The Anonymous Widower

Ashington Blyth and Tyne Line Reopening Mulled Over In Six ‘Quick Win’ Rail Projects For Northern Transport

The title of this post is the same as that of this article on Rail Technology Magazine.

This is the first paragraph.

A series of ‘quick wins’ have been identified to fix the “current crisis” in the north’s transport network in a report by the IPPR.

What are the quick wins?

This page on the IPPR website gives access to the report which is entitled Quick Wins For The North’s Transport Network.

These quick wins are given in the report.

Reopening Of The Ashington, Blyth And Tyne Railway For Passenger Services

This summary is given.

North of Newcastle, and along the North East coast, there is an area with great potential but numerous challenges. This area contains several small and medium-sized towns: Blyth (population 37,000) and Ashington (population 28,000) are the largest (Centre for Towns 2017). The public sector dominates in terms of employment (education, health and public administration provide one-quarter of jobs), and the areas’ private sector is largely in the ‘everyday economy’ of retail (5,900 jobs) and food and beverage services (4,130 jobs) (ONS 2018c). The Port of Blyth handles 2 million tonnes of freight each year, and there are some significant development sites for renewable energy in the area (Port of Blyth 2018).

The history of the area is a vital consideration for its transport infrastructure. The area boomed during the industrial revolution as coal mining and port towns grew – Ashington was once considered the world’s largest coal-mining village (Whitfield 2018). The Ashington-Blyth and Tyne railway line once connected a number of Northumberland settlements between Ashington and Newcastle – it was not a single route, but a small network, built in 1840 to link the collieries to the River Tyne, and was opened up to passengers in 1841 (NCC 2015). But in 1964, passenger services were withdrawn under the ‘Beeching Axe’,although it has remained open for freight.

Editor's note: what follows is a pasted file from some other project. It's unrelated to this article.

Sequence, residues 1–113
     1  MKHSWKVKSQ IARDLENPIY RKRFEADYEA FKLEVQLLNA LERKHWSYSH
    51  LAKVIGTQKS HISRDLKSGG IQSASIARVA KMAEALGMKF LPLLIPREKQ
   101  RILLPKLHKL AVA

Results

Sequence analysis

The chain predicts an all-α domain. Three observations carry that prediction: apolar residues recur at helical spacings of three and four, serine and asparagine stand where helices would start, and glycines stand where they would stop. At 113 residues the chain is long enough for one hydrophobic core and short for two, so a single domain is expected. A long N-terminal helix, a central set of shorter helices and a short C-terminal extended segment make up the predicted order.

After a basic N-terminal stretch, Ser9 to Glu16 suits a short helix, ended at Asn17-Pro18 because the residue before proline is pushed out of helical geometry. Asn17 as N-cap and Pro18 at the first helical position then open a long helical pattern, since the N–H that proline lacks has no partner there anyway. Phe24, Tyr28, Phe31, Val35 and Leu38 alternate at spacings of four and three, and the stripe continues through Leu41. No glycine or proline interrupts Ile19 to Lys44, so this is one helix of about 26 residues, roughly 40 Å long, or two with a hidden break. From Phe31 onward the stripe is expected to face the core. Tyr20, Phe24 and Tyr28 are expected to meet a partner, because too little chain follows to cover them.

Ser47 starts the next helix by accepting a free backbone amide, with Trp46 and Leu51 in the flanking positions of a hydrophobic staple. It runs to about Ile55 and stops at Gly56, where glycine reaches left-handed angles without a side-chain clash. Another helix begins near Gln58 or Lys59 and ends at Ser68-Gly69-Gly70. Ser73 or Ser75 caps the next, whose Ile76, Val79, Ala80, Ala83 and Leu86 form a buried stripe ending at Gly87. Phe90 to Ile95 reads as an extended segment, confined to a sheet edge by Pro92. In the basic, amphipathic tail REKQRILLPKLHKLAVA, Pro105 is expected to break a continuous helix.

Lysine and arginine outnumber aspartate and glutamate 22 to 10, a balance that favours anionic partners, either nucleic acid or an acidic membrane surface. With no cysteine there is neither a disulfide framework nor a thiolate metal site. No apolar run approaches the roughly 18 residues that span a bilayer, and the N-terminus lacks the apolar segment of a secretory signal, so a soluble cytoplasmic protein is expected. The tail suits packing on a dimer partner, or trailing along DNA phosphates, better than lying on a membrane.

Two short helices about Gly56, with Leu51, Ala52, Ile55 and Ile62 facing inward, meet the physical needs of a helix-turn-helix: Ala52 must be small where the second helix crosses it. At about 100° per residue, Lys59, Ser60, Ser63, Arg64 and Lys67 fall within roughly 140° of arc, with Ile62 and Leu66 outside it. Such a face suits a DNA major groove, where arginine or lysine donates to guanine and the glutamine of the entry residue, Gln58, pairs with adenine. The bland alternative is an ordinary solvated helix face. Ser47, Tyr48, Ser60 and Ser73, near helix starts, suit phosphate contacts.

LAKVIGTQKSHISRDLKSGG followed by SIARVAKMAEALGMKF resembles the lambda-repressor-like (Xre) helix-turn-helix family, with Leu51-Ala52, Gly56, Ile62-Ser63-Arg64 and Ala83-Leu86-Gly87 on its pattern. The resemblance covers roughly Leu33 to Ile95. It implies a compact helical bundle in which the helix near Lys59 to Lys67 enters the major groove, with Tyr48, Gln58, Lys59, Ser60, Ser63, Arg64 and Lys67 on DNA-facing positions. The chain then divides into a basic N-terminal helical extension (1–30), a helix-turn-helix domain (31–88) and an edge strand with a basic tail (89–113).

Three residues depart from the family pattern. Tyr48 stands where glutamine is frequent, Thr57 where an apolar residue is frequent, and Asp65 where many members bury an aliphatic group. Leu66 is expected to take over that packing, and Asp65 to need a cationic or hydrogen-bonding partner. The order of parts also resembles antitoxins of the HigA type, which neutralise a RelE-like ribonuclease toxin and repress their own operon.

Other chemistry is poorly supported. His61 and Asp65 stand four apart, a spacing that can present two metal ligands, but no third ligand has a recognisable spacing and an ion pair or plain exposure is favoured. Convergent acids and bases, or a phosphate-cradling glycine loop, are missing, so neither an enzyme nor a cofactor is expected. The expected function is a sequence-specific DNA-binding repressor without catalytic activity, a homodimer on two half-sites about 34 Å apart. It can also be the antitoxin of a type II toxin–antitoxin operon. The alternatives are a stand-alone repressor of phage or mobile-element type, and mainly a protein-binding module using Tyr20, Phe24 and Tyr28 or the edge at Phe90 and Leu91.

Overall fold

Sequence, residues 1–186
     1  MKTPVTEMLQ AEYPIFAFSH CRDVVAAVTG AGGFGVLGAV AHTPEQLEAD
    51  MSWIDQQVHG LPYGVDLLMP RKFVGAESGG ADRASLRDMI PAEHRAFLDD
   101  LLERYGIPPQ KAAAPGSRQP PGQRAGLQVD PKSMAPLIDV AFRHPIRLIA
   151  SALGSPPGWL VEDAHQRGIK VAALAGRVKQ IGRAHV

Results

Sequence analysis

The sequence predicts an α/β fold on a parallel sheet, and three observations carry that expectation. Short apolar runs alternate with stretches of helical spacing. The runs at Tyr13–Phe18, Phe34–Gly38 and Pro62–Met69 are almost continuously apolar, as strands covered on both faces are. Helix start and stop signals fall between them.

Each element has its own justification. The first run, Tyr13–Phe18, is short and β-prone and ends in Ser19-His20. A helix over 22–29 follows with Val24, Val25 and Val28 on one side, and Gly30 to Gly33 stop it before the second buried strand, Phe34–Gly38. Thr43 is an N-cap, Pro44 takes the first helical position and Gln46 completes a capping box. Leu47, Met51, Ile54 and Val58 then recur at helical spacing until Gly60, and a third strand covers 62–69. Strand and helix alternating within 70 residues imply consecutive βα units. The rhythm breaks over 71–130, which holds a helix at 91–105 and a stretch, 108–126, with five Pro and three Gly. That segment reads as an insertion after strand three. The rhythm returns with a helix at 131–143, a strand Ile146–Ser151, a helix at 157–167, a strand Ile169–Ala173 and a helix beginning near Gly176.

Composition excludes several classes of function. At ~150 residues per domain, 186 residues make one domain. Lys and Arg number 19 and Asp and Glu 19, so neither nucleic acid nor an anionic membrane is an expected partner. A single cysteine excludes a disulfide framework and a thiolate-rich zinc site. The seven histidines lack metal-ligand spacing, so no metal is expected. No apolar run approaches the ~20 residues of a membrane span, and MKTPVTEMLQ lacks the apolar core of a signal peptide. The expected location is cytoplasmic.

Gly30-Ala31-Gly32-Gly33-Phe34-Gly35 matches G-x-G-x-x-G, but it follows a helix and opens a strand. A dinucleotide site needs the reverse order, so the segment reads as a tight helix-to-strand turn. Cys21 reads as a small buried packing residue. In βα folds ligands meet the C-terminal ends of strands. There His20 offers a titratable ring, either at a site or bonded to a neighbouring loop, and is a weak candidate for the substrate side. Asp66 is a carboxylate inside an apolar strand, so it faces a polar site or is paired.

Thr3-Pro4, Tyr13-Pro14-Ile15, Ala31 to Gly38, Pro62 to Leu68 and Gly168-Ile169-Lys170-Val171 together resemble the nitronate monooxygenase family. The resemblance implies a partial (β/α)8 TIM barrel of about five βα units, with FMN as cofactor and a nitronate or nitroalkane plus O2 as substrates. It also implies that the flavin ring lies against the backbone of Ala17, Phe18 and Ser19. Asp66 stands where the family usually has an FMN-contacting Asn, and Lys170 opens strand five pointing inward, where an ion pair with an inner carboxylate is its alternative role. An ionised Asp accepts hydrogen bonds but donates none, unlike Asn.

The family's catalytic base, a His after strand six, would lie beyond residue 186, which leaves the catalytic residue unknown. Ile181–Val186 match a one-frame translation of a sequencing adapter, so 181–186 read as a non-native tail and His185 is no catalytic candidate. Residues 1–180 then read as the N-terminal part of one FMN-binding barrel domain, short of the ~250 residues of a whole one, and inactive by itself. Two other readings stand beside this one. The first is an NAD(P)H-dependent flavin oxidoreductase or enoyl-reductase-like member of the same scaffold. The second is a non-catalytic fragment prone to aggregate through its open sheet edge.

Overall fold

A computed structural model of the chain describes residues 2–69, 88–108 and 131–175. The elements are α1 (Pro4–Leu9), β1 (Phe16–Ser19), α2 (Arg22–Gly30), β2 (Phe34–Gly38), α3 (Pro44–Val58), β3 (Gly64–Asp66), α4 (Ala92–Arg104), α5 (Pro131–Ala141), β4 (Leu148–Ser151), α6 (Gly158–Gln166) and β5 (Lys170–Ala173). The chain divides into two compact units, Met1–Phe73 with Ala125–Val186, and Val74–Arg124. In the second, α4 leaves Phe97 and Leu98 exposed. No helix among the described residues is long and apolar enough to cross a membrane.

This idea has been talked about for years and I wrote about it in Northumberland Unveils £3.5m Rail Project To Bring Back Passenger Services.

This is a project, where it is probably time to stop talking and get the planning started, before updating the railways.

Surely, if it can be done for £3.5m, it must be good value. I suspect it will cost more, but not as much as Network Rail’s estimate of £191m.

Leeds/Bradford Airport Parkway Rail Station

Consider.

  • Leeds Bradford Airport handles four million passengers per year.
  • It has no direct rail access.
  • It has direct services to airports like New York.
  • It connects via hub airports like Heathrow and Schipol to a wide number of destinations.
  • It could capture more of the localo air passengers with better connections.

The proposal is to build a Parkway station the Harrogate Line, between Horsforth station and Bramhope Tunnel.

  • It would be a 1.3 kilometre drive in a shuttle bus to the Airport.
  • The station would serve as a Park-and-Ride station for Leeds, Harrogate and other destinations.

This Google Map shows the area.

Note.

  1. The Airport is in the North-West corner.
  2. Horsforth station is in the South-East corner.
  3. The Harrogate Line runs North South from Horsforth station.

The new Park-and-Ride station could be built on any convenient location near to the Airport.

It looks to be a simple plan, that has been costed at £23m.

Consider these points about the Harrogate Line.

  • It is only thirty-six miles.
  • Services take around seventy minutes between Leeds and York via Harrogate
  • It appears to be double-track
  • The operating speed is sixty mph between Leeds and Harrogate.
  • It doesn’t appear to be very busy.

I suspect it would be a good idea to iimprove this line, so that Northern’s Class 170 trains can stretch their legs.